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Chunk of Universal Music to be sold for $4bn in Bill Ackman SPAC deal

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The Universal Music Group roster includes star artists such as Lady Gaga, above, and Taylor Swift. Photo: Adrees Latif/Reuters
The Universal Music Group roster includes star artists such as Lady Gaga, above, and Taylor Swift. Photo: Adrees Latif/Reuters

Pershing Square Tontine Holdings (PSTH), a special purpose acquisition company (SPAC), said on Monday morning it is set to take a 10% stake in Universal Music Group (UMG), a share worth approximately $4bn (£2.9bn). 

The agreement is with UMG's majority owner, French media conglomerate Vivendi, which is set to complete a listing of UMG on the Euronext Amsterdam. Shares representing 10% of the music heavyweight will be distributed to Pershing shareholders. 

Tontine became the biggest ever SPAC when it raised $4bn in an initial public offering (IPO) last summer, with Ackman's hedge fund Pershing Square committing a minimum of an additional $1bn.

It did so to take a company public. Yet Universal is already in the process of being listed in Amsterdam by its French parent Vivendi, and it will not rely on Tontine to go public, as most companies do in their SPAC deals.

Vivendi's listing on the Euronext will see 60% of the company floated on the exchange, and will complete by 27 September at the latest. 

The distribution of the company will be 10% owned by Vivendi, 10% by PSTH, 60% on the stock exchange and 20% by a consortium led by Tencent.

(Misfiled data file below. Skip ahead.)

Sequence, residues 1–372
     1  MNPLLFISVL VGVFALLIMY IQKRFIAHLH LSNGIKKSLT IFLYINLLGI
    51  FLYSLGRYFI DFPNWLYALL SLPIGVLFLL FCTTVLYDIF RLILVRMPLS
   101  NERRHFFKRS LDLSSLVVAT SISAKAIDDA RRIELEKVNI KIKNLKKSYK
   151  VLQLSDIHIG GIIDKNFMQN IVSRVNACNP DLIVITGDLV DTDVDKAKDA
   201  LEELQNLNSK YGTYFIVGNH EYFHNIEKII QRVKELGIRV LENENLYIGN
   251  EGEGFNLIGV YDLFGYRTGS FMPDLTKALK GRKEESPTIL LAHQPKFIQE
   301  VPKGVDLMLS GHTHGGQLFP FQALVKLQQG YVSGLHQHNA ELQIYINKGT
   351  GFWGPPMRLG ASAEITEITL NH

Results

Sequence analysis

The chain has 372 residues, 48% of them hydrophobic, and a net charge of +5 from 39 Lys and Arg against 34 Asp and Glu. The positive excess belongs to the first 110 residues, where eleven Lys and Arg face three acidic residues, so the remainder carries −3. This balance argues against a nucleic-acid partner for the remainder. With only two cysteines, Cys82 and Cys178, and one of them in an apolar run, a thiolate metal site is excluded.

In a filing to its investors, PSTH said UMG, which represents artists such as Taylor Swift and Lady Gaga, presents a number of competitive advantages and strategic attributes. These include an iconic world-class management team, global consumer adoption of streaming and the growth associated with that market, and a significant fixed‐cost expense base allowing for long‐term margin expansion, it said. 

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The filing also stated: "During the course of our negotiations with Vivendi, it became clear that various tax, legal and other strategic considerations precluded Vivendi from entering into a 'traditional' de-SPAC merger transaction, and from selling more than 10% of UMG.

"Even with the additional complexity, time, legal, and other costs that these constraints created, we were convinced that the opportunity to acquire such an extraordinary business was the best option for our shareholders."

The unusual deal puts a lid on a worldwide hunt for a suitable target by Pershing CEO Bill Ackman, who previously flirted with holiday rentals company Airbnb and Southeast Asian ride-hailing and food delivery firm Grab Holdings as targets.

Watch: What are SPACs?

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